DENVER (Feb. 19, 2015) – A Colorado bill that would take the first step in stopping indefinite detention in the Centennial State passed out of a House committee on Wednesday.

HB1114 would prohibit state cooperation with any federal attempts to indefinitely detain any person in Colorado under provisions of the 2012 National Defense Authorization Act, or any similar federal law.

Except as described in subsection (2) of this section, and notwithstanding any other provision of law, an entity described in paragraph (b) of this subsection (1) shall not provide aid to an agency of the armed forces of the United States in any investigation, prosecution, or detention of any person pursuant to section 1021 or 1022 of the federal “National Defense Authorization Act of fiscal year 2012″, H.R. 1540, PUB.L. 112-81, as amended, or any substantial similar successor provision of federal law, if such aid would place the entity in violation of any provision of the United States Constitution, the Colorado Constitution, or any law of this state.

The House Committee on State, Veterans, & Military Affairs passed the bill unamended to the House Committee of the Whole by a 6-5 vote.

“Entities” covered by the prohibition include any state agency, political subdivision, or employees of a state agency or political subdivisions acting in their official capacities. This includes members of the Colorado National Guard.

By banning all cooperation or assistance, HB1114 would make it much more difficult for the feds to indefinitely detain a person in Colorado. The federal government almost always depends on state and local cooperation. This bill would strip that away.

But while the legislation would count as a good first step, it would require further action if passed.

By including the language, “if such aid would place the entity in violation of any provision of the United States Constitution, the Colorado Constitution, or any law of this state,” the bill does not create an express prohibition. Rather, since no official determination has been made on constitutionality as of yet, it leaves that determination up to discretion. The legislature would need to take further action to specify exactly what actions constitute a violation of the law.

Never-the-less, HB1114 would serve as a powerful first step if activists in the state continue pressing the issue in the future.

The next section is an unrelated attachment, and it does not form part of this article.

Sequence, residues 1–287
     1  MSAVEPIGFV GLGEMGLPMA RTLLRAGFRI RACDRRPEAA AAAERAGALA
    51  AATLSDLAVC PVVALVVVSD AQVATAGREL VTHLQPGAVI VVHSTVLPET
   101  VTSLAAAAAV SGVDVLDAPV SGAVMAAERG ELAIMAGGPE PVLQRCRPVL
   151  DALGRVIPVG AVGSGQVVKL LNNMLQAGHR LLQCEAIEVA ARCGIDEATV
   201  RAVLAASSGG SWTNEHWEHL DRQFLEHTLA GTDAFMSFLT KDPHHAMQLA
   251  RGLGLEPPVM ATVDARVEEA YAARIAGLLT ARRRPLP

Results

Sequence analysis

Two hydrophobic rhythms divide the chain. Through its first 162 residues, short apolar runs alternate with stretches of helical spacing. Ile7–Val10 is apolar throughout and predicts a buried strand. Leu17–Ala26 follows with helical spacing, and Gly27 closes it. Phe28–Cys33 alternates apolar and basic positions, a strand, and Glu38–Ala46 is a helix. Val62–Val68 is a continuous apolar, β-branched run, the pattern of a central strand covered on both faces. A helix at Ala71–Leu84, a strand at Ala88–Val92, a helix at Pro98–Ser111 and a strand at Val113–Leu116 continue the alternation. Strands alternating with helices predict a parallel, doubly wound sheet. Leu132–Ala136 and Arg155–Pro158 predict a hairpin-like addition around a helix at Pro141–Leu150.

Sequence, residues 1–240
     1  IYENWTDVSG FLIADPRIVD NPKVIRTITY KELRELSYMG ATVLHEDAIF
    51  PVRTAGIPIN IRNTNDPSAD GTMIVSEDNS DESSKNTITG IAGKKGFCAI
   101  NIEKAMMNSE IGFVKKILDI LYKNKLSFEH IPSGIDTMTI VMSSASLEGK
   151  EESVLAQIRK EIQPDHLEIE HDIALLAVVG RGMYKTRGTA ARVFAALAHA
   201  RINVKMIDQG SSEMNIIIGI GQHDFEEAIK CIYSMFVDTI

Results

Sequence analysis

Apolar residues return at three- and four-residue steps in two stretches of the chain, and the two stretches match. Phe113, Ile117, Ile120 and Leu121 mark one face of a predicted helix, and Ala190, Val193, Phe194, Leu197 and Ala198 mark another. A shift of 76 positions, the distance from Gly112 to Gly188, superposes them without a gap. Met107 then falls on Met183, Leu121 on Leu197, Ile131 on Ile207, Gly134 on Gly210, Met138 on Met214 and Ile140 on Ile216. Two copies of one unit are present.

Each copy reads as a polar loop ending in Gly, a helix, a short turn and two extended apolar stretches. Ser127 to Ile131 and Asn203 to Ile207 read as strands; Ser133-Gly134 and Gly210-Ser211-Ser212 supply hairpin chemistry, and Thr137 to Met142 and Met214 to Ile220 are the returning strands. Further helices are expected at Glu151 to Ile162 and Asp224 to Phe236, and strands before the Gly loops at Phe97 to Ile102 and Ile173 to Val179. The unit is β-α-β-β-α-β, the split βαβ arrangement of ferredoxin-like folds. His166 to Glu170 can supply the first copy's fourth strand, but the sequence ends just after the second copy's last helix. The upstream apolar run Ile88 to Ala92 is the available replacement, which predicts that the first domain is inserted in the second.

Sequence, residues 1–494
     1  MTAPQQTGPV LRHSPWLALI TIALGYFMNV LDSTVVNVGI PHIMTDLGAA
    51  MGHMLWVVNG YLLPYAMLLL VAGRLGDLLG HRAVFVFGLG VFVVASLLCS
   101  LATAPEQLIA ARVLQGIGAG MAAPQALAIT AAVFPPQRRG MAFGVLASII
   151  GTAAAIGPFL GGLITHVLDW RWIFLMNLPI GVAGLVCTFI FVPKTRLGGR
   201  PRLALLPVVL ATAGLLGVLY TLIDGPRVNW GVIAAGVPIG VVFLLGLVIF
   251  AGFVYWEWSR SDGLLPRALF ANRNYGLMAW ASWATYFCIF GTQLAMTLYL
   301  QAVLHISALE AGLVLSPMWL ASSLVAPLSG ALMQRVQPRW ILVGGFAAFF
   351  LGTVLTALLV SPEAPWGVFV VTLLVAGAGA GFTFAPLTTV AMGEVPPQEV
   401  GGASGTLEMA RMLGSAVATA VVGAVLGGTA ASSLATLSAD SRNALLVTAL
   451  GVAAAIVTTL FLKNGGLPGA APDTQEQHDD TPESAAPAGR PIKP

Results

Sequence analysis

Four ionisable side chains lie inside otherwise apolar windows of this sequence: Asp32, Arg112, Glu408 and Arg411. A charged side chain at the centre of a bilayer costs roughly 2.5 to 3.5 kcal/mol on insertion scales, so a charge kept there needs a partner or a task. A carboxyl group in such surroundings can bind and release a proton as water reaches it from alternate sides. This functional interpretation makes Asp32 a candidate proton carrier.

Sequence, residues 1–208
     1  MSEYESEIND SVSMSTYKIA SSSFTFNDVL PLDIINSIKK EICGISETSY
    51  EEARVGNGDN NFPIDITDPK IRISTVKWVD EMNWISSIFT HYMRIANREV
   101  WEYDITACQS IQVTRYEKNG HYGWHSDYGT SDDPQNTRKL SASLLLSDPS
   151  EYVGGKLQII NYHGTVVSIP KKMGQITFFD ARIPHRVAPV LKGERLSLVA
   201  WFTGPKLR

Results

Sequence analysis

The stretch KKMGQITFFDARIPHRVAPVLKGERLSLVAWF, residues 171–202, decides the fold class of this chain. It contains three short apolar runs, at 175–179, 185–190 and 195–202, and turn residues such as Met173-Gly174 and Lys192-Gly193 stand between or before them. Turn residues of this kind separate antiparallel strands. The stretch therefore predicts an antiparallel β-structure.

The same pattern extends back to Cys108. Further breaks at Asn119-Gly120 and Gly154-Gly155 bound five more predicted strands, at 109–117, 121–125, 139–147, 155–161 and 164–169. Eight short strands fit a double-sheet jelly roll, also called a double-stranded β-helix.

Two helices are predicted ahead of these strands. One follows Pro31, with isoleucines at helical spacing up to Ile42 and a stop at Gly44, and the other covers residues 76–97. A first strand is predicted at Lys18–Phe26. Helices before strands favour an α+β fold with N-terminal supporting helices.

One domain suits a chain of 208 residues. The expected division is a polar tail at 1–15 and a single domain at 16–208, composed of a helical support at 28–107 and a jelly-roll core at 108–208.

“While this is a small step forward, it’s an important one,” said Michael Boldin of the Tenth Amendment Center. “It barely got out of committee with a 6-5 vote as is. Making it even stronger would have guaranteed that it was voted down, leaving us with nothing, instead of something, to build on.”

Virginia provides a great example an initial bill jump starting future action. The Old Dominion State was the first in the country to prohibit cooperation with indefinite detention without due process. This year, the state legislature is considering a bill that would significantly strengthen that ban.

HB1114 would also set the stage for counties, cities, towns, etc. to step up and get involved, and give the new law teeth. Activists would be able to use the legislation as a springboard to take action at a local level by pressing local governments to pass legally-binding ordinances to give the new state law additional force. The local legislation would do the following.

  • Express full support for the new state policy to “refuse to provide material support for or to participate in any way with the implementation within this state of any federal law that purports to authorize indefinite detention of a person within Colorado.”
  • Create an express prohibition on the use of any local government assets – funds, employees, and the like – to provide material support for or participate in any way with federal indefinite detention.

Once the state is blanketed with localities that have passed such measures, the practical effect would prove even stronger than if HB1114 had ordered them to take action.

The Committee of the Whole will need to pass HB1114 before it receives a vote by the full House.


In Colorado, to support this bill, follow all the action steps at THIS LINK

All Other states, push back against indefinite detention powers at this link.

Mike Maharrey

The 10th Amendment

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